Arizona Colleges Move to Extend Tuition Rate for Immigrants
Arizona universities are moving to expand access to a tuition rate paid by immigrants living in the country illegally who graduated from Arizona high schools after President Donald Trump's administration froze enrollment in a program that shielded them from deportation.
The state's three public universities have for several years allowed students from Arizona in the Deferred Action for Childhood Arrivals program to pay university tuition that's higher than their in-state classmates but lower than the standard rate for out-of-state and international students.
The Board of Regents is scheduled to decide Thursday whether to eliminate the requirement for students to participate in DACA because future students can't get into the federal program.
"The board recognizes that Arizona has made a significant investment in students who have graduated from Arizona high schools, and this rate is intended to encourage students to stay here or move back and complete their education here and contribute to the state," said Sarah Harper, a spokeswoman for the regents.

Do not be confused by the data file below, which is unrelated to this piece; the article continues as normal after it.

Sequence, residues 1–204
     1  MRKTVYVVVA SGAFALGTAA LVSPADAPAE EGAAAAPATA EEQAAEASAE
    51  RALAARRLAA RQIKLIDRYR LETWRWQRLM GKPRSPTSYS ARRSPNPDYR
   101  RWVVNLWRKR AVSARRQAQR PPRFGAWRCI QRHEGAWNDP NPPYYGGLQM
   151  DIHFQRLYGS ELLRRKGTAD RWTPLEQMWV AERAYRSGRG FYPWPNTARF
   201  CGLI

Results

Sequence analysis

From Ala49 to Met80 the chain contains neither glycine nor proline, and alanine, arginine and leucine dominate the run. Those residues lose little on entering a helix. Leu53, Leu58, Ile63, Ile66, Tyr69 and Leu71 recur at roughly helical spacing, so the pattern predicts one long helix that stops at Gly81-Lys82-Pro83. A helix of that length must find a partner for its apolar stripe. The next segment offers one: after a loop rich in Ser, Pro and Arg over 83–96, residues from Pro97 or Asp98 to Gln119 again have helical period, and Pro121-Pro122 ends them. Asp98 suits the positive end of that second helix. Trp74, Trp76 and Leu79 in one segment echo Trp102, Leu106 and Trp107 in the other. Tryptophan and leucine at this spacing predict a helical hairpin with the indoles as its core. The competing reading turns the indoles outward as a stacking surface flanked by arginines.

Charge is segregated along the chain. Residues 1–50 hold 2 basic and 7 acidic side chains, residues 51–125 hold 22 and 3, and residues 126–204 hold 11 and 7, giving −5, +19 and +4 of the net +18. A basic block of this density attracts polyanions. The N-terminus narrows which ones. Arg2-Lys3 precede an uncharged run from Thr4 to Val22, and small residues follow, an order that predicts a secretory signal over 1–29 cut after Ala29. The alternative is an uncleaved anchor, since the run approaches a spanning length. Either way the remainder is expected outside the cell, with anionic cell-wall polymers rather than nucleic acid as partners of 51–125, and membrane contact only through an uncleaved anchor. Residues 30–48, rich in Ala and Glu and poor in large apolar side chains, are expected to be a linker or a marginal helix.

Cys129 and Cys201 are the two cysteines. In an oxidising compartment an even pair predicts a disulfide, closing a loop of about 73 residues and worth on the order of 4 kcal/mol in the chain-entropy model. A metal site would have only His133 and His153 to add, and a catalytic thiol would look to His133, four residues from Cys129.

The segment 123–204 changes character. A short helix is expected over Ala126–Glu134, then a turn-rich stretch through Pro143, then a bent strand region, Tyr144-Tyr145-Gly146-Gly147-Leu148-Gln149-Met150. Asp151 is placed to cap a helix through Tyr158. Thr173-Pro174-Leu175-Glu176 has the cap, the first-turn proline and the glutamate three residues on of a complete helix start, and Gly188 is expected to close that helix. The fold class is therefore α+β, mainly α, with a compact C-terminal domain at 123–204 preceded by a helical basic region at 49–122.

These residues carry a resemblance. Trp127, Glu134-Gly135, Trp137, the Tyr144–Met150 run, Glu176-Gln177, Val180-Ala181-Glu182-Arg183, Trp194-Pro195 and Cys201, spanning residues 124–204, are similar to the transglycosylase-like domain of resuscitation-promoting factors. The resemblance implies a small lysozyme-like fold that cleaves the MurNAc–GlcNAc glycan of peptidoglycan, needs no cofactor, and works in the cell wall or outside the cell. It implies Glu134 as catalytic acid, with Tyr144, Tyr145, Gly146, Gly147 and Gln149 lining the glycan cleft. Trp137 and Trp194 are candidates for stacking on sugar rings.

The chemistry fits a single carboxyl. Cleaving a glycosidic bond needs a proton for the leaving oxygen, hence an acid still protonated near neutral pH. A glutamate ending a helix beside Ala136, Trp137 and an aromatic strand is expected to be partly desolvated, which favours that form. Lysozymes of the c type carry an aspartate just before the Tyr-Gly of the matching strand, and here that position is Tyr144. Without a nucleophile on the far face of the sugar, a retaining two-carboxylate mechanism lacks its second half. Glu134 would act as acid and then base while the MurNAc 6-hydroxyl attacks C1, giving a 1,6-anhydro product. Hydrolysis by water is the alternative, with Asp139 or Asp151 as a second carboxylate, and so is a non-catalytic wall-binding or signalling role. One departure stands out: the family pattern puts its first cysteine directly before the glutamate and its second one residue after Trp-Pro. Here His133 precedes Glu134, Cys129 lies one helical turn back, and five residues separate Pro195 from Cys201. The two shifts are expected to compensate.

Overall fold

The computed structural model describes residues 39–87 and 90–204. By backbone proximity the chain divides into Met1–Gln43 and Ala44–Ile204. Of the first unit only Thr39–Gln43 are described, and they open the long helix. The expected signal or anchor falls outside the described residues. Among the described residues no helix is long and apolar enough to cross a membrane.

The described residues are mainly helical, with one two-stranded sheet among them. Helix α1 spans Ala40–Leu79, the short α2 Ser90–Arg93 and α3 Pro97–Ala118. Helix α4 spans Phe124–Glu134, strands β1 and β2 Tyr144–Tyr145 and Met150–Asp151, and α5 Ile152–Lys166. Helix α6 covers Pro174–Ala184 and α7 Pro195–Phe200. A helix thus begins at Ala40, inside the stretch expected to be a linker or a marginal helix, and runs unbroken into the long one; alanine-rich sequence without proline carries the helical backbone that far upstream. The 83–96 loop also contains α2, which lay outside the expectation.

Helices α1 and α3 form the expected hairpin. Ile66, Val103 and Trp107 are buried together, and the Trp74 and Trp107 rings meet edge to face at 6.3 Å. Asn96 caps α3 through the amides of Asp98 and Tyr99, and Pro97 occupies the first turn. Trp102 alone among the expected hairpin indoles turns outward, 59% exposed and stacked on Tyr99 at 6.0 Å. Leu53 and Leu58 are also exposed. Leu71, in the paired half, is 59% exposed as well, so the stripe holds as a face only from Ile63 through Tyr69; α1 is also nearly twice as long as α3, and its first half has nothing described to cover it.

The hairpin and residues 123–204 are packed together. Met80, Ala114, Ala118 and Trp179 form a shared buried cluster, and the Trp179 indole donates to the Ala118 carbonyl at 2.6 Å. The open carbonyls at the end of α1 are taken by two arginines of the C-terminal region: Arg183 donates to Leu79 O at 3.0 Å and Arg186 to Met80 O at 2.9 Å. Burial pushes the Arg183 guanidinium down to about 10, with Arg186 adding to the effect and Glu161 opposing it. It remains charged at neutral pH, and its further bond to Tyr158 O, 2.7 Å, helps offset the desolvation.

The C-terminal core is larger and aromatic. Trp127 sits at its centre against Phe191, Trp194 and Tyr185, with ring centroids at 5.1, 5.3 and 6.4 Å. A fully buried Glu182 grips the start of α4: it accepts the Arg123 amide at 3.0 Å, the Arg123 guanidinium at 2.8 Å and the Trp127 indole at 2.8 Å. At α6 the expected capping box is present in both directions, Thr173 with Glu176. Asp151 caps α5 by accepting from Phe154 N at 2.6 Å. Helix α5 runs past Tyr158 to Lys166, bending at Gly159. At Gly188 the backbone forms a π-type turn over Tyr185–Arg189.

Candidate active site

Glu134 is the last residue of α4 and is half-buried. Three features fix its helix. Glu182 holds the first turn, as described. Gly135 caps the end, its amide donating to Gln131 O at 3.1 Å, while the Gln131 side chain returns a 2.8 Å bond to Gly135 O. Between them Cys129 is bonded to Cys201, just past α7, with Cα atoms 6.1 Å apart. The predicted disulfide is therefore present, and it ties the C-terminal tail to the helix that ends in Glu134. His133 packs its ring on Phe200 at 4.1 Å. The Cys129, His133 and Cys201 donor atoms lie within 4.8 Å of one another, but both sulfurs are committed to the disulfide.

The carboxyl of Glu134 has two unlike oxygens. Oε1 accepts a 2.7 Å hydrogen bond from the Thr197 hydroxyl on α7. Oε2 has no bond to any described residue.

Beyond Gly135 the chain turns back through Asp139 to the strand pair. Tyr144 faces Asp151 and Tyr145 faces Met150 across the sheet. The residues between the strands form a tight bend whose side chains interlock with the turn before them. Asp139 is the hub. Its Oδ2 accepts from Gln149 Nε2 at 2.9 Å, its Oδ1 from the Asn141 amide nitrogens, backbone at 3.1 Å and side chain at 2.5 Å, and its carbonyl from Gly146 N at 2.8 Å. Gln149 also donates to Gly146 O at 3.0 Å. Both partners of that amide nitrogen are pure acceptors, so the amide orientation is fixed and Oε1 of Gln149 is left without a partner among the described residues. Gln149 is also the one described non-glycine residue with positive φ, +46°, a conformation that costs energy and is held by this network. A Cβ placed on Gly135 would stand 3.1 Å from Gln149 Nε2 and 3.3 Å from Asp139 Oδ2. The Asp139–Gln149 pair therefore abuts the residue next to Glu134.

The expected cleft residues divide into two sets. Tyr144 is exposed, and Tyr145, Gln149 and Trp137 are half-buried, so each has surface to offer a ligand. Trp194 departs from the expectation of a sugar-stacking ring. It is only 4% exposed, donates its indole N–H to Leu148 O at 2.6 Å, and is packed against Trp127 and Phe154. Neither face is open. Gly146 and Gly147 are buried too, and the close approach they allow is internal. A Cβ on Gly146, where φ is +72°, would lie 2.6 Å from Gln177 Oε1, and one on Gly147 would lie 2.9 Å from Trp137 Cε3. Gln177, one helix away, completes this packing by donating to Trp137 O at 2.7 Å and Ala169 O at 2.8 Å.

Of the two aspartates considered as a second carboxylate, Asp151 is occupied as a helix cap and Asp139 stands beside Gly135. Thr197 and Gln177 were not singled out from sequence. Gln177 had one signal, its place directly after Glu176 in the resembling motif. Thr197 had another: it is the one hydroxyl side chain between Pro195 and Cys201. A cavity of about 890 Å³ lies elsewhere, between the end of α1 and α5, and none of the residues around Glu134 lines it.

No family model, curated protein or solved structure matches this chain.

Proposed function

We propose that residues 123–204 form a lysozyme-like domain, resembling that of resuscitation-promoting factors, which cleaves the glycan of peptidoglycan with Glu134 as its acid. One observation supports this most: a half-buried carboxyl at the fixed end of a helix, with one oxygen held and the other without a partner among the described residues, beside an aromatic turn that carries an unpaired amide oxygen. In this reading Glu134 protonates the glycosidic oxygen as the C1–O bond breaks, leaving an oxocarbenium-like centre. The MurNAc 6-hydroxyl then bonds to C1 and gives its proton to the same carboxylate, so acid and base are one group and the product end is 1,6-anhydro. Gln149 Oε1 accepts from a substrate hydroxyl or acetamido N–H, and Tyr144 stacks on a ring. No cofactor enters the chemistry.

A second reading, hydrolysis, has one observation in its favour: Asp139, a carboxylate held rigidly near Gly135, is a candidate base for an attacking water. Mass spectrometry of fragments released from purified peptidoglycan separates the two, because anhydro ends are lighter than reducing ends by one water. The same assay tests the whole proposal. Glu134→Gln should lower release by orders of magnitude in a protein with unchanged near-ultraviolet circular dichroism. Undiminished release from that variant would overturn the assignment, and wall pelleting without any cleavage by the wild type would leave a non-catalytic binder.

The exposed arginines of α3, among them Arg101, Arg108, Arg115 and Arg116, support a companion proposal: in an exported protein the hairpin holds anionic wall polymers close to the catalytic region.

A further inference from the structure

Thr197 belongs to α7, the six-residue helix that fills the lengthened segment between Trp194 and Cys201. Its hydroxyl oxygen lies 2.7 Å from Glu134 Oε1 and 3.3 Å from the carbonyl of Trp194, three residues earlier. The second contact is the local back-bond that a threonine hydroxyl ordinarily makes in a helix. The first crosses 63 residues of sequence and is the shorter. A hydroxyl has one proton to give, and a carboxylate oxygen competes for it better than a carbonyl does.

The move is the latest effort by the regents to provide access to immigrants, often called "Dreamers" based on never-passed proposals in Congress called the DREAM Act, who have spent much of their lives in Arizona but aren't legally in the country. Voters in 2006 barred in-state tuition or publicly funded scholarships for them. After President Barack Obama created the DACA program, universities and community colleges charged in-state tuition to students in the program but were rebuffed by the Arizona Supreme Court.
Instead, they now charge 50% more than the in-state tuition rate, which Harper said covers the cost of university attendance without state subsidy.
Officials at Arizona State University, Northern Arizona University and University of Arizona did not say how many students currently pay the special rate for DACA students.
The action by the regents comes after lawmakers this year declined to take up legislation that would have accomplished the same thing. A bill by Republican Sen. Heather Carter cleared the Senate when several Republicans joined all Democrats in support, but it never got a vote in the House.